While previous research linking bone cancer and obesity has been inconclusive, a new prospective study provides additional evidence of obesity increasing a woman's risk of developing multiple myeloma, a type of bone cancer. Researchers from the University of Minnesota Cancer Center reviewed data from 37,083 postmenopausal women who were followed for 16 years. They found several characteristics that indicated a greater risk for developing the cancer. Women with a body mass index (BMI) >30 (obese) were 1.5 times as likely to develop multiple myeloma as women with a normal BMI. Among that group, women with the highest weight, waist size, and hip size doubled their risk for developing the cancer. Considerable research has been completed linking obesity to other cancers, but linking obesity to multiple myeloma is a newer theory.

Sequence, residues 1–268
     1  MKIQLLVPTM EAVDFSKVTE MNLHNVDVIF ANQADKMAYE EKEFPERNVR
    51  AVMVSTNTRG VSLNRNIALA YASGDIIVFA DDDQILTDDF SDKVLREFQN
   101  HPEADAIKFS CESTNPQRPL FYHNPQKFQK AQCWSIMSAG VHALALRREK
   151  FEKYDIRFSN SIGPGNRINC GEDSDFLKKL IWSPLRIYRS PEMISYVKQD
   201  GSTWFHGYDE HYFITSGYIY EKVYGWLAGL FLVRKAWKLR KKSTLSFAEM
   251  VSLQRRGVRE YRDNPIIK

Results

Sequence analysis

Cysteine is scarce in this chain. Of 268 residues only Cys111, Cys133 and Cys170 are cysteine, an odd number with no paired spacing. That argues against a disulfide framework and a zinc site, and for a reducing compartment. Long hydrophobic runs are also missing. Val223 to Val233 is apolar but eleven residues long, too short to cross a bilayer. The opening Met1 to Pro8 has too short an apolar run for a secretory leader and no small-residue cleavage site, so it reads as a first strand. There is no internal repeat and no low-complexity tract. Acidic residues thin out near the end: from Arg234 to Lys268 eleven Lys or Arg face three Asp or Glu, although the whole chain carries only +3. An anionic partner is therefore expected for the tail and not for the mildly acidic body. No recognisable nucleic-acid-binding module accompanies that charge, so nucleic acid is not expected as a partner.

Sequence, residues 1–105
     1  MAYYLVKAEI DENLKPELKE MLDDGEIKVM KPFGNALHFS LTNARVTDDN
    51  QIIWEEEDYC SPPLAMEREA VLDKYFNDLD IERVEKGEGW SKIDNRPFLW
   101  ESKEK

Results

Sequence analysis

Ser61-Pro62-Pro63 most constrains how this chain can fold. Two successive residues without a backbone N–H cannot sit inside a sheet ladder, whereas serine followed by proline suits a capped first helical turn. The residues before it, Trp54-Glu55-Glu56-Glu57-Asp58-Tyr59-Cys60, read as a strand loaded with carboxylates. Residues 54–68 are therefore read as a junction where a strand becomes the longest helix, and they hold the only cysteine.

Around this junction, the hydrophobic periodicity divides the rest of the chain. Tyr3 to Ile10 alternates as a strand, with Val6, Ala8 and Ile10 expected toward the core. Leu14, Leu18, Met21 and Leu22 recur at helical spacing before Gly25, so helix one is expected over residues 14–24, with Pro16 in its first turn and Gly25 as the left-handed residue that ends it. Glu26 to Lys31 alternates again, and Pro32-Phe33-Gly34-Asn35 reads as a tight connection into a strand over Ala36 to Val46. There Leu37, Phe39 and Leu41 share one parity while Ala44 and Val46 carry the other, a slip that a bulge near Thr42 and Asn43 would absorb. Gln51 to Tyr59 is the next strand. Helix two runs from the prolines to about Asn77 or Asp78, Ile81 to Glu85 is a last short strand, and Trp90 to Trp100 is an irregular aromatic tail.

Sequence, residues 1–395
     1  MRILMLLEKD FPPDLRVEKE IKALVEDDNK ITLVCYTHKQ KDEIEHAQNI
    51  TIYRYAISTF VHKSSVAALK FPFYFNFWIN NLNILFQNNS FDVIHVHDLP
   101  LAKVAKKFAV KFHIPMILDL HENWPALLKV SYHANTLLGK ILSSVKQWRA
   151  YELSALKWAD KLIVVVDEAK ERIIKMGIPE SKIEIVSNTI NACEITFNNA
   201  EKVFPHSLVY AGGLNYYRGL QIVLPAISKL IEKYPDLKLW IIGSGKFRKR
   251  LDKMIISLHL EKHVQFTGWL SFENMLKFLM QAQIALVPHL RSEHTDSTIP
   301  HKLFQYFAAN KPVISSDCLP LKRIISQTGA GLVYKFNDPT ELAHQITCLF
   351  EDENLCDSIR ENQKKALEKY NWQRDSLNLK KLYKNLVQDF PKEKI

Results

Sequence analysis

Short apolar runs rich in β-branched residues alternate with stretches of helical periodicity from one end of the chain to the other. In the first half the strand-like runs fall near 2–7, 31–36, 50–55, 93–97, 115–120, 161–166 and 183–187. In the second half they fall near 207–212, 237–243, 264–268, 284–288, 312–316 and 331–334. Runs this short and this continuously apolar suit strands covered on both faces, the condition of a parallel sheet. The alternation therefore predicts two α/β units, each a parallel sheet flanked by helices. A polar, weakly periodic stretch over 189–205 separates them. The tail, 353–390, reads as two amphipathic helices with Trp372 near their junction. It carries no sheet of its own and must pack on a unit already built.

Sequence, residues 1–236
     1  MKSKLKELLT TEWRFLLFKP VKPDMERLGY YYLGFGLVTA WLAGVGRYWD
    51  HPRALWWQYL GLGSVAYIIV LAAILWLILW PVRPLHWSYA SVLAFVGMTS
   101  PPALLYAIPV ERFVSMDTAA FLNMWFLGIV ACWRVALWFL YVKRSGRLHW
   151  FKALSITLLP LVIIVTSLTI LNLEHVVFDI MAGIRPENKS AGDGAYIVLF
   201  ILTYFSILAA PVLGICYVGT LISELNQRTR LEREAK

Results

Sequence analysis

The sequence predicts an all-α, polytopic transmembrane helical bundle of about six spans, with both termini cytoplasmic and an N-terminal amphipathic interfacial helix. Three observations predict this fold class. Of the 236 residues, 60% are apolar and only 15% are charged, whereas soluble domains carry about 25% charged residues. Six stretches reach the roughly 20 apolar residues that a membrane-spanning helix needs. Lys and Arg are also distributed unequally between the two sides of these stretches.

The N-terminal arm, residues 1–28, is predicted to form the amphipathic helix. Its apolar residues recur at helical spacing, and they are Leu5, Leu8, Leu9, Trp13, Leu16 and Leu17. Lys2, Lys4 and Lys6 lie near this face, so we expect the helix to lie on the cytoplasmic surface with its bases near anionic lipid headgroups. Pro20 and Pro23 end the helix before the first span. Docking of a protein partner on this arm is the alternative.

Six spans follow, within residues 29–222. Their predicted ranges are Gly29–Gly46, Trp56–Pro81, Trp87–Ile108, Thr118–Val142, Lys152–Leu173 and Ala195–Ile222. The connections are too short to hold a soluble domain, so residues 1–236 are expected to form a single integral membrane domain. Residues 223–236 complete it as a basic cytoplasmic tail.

Ms. Farley is a freelance medical writer based in Wakefield, RI.
Although the annual HIV diagnosis rate between 2010 and 2014 decreased for black individuals by 16.2%, blacks remain disproportionately affected by HIV/AIDS.
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